DeVonn Francis

At the convergence of Pride Month and the ongoing Black Lives Matter protests, WWD speaks to creatives in the Black LGBTQ community about creative expression as activism and hopes for the future.

DeVonn Francis is an artist, chef and the founder of Yardy, a creative studio in the food and events world. A first-generation Jamaican-American, through Yardy, Francis aims to “investigate his own role in Caribbean culture and to encourage others to seek joy and celebration in their own identities.”

What does being a Black LGBTQ activist mean to you?
“My particular brand of activism is about redistributing wealth and other resources to folks who don’t have immediate access to things they may need to improve their lives. I think that my Blackness means disrupting systemic injustices and oppressive forces that tell Black people that their voices, needs and ways of making culture do not matter. The fact of the matter is Black people have been the shapers and builders of so many important forms of dance, food, fashion and music, and it’s time to be properly credited and paid for that labor.”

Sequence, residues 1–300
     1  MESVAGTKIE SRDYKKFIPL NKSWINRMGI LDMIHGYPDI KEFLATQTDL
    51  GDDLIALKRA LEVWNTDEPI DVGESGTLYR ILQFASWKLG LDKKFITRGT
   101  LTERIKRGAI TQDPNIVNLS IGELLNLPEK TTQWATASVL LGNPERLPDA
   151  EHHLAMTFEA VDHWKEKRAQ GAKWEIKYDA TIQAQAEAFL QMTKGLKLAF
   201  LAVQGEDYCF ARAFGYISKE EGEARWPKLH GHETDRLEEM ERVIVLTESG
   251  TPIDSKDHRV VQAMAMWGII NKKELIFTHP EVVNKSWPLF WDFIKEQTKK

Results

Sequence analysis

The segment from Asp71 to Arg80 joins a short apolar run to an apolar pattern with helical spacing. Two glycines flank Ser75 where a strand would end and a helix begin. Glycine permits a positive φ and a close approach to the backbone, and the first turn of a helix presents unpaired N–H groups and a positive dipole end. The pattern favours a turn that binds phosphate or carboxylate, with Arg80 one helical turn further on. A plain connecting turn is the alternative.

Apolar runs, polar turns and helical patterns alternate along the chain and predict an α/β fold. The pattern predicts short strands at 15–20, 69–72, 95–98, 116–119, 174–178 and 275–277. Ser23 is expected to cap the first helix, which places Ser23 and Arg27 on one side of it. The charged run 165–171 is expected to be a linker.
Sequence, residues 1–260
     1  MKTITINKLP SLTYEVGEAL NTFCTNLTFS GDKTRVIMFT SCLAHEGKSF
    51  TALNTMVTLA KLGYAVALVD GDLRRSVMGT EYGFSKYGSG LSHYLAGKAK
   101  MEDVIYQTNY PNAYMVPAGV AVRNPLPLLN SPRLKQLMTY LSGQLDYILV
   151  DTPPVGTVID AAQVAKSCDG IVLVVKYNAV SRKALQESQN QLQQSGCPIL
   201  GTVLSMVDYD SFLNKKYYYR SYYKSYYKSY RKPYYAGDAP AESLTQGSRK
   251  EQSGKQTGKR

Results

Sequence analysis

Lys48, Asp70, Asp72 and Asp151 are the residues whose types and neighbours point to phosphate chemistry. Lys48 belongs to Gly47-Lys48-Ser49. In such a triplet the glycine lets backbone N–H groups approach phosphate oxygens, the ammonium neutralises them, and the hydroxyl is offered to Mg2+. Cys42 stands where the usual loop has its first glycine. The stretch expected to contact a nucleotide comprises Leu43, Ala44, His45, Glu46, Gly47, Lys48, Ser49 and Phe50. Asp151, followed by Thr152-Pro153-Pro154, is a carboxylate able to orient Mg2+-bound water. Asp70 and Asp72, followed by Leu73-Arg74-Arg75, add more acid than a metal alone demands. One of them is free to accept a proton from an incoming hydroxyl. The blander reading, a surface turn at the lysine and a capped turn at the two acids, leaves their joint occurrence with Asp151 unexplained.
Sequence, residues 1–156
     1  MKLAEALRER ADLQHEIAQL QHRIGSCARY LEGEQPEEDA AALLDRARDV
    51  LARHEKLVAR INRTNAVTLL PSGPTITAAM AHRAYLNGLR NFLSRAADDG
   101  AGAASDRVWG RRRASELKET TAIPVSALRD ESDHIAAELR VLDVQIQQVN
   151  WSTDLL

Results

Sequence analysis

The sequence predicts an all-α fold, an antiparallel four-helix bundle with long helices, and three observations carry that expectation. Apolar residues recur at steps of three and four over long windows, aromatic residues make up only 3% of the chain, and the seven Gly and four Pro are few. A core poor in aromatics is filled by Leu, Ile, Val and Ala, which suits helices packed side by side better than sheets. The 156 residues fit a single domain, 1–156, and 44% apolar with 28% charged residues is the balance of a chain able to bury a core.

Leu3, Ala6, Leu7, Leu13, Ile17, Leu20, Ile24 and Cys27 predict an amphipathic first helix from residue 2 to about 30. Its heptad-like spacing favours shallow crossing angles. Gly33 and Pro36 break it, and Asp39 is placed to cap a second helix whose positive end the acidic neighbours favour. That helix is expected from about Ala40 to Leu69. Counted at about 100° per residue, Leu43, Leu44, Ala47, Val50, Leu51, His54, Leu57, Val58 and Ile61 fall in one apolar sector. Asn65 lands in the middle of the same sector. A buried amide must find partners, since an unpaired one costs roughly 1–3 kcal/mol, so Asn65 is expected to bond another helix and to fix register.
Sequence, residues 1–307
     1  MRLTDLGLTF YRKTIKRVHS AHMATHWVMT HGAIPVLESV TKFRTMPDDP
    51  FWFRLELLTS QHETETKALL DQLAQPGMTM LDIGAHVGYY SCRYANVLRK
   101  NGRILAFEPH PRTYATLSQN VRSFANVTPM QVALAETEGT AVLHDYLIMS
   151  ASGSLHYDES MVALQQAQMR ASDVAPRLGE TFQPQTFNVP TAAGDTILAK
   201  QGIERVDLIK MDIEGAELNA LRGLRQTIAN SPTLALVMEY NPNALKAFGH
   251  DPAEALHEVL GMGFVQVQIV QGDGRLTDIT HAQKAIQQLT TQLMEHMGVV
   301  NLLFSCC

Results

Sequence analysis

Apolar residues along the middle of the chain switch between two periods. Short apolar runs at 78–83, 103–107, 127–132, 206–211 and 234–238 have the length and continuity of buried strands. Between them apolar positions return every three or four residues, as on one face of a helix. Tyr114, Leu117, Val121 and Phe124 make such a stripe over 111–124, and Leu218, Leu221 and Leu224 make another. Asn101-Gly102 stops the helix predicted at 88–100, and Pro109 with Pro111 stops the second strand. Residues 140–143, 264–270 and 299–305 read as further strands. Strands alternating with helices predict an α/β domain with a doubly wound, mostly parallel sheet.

What inspired you to become an artist?
“I was inspired to be an artist by my family, who are all incredibly creative in so many ways. They always encouraged me to use my voice and work to manifest the kind of world that I wanted to live in. A lot of artists don’t often get that support from their family so I feel incredibly privileged to have them in my life.”

What do you hope the future will hold for the Black LGBTQ community?
“I want Black queer people to own more property, land, businesses, spaces and tools for wellness and healing. Our needs and desires are inherently different from non-Black people and straight people. By virtue of this we have to define our healing and agency in ways that are on our own terms.”

DeVonn Francis

DeVonn Francis  Erica Genece/WWD

DeVonn Francis

DeVonn Francis  Erica Genece/WWD